Theresa May is trying to play the role of the great conciliator today. She has avoided any hint of triumphalism or saying anything that the European Union would instantly reject. Instead, she has emphasised her desire for a ‘deep and special partnership’ with the European Union and that the UK wants to be the ‘best friend and neighbour’ to the EU. She has not repeated her Lancaster House message that she thinks ‘no deal is better than a bad deal’ or threatened to change the UK economic model if no free trade agreement with the EU can be struck.
The Article 50 letter that May has sent to Tusk also strikes a conciliatory note. But, unsurprisingly, it makes clear that the UK wants to discuss the ‘future partnership’ alongside the withdrawal agreement. Interestingly, it adds that security cooperation ‘would be weakened’ if the UK left the EU without a deal—which is the closest the letter comes to containing a threat. This is another reminder that May, a former Home Secretary, regards Britain’s security contribution to Europe as one of its strongest cards in the negotiations ahead.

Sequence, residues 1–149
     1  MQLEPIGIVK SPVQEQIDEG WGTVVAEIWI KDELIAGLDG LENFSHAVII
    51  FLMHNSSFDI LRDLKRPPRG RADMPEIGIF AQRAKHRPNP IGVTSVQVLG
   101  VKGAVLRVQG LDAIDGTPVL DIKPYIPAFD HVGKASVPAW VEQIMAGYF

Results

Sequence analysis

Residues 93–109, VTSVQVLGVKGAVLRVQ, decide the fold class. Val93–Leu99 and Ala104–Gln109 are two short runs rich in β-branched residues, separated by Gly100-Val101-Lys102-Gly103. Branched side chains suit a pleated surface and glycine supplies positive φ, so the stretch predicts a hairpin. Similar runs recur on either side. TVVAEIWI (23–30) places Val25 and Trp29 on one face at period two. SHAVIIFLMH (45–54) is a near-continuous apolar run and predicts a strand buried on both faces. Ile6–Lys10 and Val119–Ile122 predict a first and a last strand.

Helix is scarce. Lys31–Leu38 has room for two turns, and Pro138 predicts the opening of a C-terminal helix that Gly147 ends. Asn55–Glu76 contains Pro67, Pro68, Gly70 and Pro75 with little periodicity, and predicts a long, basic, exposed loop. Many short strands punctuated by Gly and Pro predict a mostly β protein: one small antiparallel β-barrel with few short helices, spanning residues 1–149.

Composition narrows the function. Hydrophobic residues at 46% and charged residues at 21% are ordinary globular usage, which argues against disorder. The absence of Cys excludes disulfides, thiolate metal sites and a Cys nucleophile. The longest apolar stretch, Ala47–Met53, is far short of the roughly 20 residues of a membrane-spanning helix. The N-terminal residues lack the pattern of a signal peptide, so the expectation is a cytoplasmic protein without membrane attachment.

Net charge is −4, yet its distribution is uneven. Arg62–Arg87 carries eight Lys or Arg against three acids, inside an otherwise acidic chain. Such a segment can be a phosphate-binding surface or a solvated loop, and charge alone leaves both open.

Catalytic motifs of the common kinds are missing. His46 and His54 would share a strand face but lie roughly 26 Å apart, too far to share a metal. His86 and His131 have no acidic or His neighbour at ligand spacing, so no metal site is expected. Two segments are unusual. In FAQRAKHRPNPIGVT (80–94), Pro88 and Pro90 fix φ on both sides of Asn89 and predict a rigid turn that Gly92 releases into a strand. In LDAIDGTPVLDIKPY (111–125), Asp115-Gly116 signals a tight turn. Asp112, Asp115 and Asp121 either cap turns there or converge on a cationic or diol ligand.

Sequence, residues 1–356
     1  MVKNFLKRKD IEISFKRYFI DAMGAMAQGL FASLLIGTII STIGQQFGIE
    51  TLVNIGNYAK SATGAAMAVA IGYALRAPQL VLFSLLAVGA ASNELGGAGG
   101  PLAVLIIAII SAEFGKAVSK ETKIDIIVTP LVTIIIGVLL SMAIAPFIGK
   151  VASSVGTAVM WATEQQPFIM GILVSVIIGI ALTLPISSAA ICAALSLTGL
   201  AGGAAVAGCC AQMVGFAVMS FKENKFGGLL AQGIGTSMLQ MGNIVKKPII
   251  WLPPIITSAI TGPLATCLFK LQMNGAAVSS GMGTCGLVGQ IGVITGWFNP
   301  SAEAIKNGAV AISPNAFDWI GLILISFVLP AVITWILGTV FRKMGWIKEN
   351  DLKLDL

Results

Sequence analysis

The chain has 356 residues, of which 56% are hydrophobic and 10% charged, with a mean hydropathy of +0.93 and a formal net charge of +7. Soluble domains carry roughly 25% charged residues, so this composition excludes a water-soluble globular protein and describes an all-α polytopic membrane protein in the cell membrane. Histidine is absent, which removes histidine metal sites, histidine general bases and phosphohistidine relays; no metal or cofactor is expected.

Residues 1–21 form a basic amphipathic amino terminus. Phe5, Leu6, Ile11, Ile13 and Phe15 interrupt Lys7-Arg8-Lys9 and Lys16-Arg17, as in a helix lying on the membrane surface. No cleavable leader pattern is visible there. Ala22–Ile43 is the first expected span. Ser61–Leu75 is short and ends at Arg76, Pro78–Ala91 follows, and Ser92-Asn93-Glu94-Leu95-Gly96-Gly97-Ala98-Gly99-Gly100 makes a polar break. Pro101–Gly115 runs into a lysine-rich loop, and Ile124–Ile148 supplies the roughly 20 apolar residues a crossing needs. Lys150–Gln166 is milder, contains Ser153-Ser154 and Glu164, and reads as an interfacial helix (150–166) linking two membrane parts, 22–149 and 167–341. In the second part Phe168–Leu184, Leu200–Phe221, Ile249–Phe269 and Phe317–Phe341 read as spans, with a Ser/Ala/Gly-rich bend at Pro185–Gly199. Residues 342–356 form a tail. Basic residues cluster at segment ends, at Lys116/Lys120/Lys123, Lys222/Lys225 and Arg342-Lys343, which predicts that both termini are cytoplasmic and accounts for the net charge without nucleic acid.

May’s letter also make clear that the UK government thinks that ‘both the UK and the EU would benefit from implementation periods to adjust in a smooth and orderly way to new arrangement’. May is also clear that she would like this agreed early on in the process.
The tone taken by the UK government today has been the right one. As the country that is leaving the EU, there is a particular onus on the UK to try and keep these talks civil. This will mean not rising to every provocation; we should be self-confident enough not to feel the need to respond to every disobliging comment about us.
The European Council’s reaction to the May letter hasn’t been hugely warm, but it hasn’t been destructive either. It talks of its desire ‘to have the United Kingdom as a close partner’ in future. I suspect that the more May keeps up this conciliatory tone, the more this feeling will grow.